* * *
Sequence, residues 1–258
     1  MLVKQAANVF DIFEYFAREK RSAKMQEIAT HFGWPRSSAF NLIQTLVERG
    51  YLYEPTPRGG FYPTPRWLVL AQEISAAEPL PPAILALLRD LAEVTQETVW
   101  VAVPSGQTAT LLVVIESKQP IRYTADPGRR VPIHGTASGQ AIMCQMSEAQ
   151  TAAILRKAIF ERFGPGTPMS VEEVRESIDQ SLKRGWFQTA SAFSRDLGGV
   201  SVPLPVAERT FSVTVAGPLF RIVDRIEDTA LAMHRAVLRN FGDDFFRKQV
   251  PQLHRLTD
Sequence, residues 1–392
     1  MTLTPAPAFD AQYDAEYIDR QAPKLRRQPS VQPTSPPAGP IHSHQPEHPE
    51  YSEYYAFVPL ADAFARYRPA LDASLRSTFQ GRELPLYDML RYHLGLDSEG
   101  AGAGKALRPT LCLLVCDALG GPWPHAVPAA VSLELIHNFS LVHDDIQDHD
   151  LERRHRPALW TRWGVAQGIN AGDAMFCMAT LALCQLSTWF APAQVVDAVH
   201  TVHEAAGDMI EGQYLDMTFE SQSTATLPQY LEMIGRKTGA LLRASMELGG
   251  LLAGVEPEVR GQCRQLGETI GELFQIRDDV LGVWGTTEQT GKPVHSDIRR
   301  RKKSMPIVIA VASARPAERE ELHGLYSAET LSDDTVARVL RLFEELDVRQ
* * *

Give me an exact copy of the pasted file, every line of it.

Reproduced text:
Sequence, residues 1–258
     1  MLVKQAANVF DIFEYFAREK RSAKMQEIAT HFGWPRSSAF NLIQTLVERG
    51  YLYEPTPRGG FYPTPRWLVL AQEISAAEPL PPAILALLRD LAEVTQETVW
   101  VAVPSGQTAT LLVVIESKQP IRYTADPGRR VPIHGTASGQ AIMCQMSEAQ
   151  TAAILRKAIF ERFGPGTPMS VEEVRESIDQ SLKRGWFQTA SAFSRDLGGV
   201  SVPLPVAERT FSVTVAGPLF RIVDRIEDTA LAMHRAVLRN FGDDFFRKQV
   251  PQLHRLTD
Sequence, residues 1–392
     1  MTLTPAPAFD AQYDAEYIDR QAPKLRRQPS VQPTSPPAGP IHSHQPEHPE
    51  YSEYYAFVPL ADAFARYRPA LDASLRSTFQ GRELPLYDML RYHLGLDSEG
   101  AGAGKALRPT LCLLVCDALG GPWPHAVPAA VSLELIHNFS LVHDDIQDHD
   151  LERRHRPALW TRWGVAQGIN AGDAMFCMAT LALCQLSTWF APAQVVDAVH
   201  TVHEAAGDMI EGQYLDMTFE SQSTATLPQY LEMIGRKTGA LLRASMELGG
   251  LLAGVEPEVR GQCRQLGETI GELFQIRDDV LGVWGTTEQT GKPVHSDIRR
   301  RKKSMPIVIA VASARPAERE ELHGLYSAET LSDDTVARVL RLFEELDVRQ